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F14 Foot officers wearing shakos
F16 Mounted officers wearing shakos
P10 Mounted officers in Kollets
P12 Mounted officers in Uberrocks
F2 Voltigeurs in campaign dress
F5 Voltigeurs in campaign dress
F7 Fusiliers in campaign dress
F8 Voltigeurs in campaign dress
F9 Grenadiers in campaign dress
F10 Regimental command
F12 Battalion command
F15 Foot officers wearing bicorns
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Items up for sale in this section are placed with a reserve price. They will stay on for a month. The highest bid above the reserve price will get the item. If the reserve price is not met I will withdraw the item.
I can post small items, such as painted battalions but larger items, such as moulds or equipment, will have to be collected by the buyer.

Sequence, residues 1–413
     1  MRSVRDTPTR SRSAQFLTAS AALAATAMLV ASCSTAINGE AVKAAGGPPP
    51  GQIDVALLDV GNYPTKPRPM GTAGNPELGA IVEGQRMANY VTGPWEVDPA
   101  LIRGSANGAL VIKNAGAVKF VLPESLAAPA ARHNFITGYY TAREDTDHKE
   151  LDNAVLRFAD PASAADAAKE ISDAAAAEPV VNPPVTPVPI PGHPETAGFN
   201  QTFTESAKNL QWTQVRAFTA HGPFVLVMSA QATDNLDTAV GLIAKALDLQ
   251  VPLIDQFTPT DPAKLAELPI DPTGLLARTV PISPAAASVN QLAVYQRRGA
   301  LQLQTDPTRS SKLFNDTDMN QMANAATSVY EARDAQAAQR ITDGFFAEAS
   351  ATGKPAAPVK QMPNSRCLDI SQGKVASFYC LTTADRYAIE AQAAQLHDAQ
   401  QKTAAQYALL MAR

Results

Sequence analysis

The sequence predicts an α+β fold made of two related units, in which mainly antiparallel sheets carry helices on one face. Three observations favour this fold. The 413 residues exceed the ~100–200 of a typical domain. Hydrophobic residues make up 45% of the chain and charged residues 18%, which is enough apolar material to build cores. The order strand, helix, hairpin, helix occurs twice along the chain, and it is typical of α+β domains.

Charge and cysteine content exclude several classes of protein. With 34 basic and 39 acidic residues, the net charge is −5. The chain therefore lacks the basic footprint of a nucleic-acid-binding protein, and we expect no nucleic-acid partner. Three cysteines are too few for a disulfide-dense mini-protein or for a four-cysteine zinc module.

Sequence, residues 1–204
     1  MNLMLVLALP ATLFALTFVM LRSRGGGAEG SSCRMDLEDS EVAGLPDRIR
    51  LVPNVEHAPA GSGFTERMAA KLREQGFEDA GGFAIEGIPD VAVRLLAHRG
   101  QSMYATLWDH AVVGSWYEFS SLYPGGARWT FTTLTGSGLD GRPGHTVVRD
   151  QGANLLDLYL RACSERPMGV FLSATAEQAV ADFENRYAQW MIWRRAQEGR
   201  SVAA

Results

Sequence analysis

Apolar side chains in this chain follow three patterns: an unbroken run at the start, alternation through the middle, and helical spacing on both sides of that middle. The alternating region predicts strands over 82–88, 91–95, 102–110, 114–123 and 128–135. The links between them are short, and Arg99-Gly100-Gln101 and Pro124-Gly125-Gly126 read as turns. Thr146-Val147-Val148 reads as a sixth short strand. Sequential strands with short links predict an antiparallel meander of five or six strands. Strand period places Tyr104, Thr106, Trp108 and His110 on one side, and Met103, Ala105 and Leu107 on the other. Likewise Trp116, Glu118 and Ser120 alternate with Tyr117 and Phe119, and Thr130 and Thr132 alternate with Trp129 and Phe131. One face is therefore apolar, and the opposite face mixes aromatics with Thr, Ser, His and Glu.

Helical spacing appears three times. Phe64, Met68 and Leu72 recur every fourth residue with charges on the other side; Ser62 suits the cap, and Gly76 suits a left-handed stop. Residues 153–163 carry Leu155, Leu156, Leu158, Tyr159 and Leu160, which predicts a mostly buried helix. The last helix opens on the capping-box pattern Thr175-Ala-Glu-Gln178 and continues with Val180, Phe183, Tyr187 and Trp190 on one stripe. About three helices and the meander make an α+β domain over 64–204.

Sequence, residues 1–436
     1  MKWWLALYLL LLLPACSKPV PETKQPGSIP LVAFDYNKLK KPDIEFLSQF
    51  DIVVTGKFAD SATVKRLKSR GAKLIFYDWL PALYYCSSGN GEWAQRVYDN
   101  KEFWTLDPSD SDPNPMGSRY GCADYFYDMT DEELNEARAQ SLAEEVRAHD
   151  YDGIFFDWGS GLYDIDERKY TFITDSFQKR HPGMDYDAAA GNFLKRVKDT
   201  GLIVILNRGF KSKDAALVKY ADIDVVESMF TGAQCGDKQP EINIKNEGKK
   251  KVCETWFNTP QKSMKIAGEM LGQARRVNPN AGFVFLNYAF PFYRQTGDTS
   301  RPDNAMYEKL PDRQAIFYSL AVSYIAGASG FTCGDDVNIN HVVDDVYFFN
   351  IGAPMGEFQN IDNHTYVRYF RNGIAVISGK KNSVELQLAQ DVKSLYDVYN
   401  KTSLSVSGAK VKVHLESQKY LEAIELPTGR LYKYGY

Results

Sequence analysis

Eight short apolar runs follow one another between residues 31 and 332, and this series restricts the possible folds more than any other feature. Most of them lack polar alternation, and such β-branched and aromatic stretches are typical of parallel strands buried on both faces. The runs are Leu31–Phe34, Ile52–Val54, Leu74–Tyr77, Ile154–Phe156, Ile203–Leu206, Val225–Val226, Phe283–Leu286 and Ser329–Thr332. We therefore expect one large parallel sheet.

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I like my march-attack figures to be in step. This was a formal way of moving men. It was used for getting large numbers of men in set formations to a point where they came in contact with the enemy. The men would have marched to music or the beat of drums. NCOs would have ensured that most of the men remained in step as the cohesion of the battalion relied on this. It would have been practiced on parade grounds until the men could move in unison almost without thought. It struck me when I did the research for these figures that in many illustrations most of the battalion seems to be using both hands to hold the musket. In march-attack the musket was supposed to be held in the crook of the left arm while the right arm swung free. The two handed hold was definitely not regulation. I looked into this and made inquiries from other research colleagues. The answer seems to be as follows – The French musket weighed over four and a half kilos. The regulation way of holding the musket in the crook of the left arm was not a ‘natural’ way of holding the musket. After marching for a while over rough ground, while taking fire from the enemy, it was natural for the right hand to be used to steady the musket and to take some of its weight off the left arm. In action the officers accepted this as necessary.
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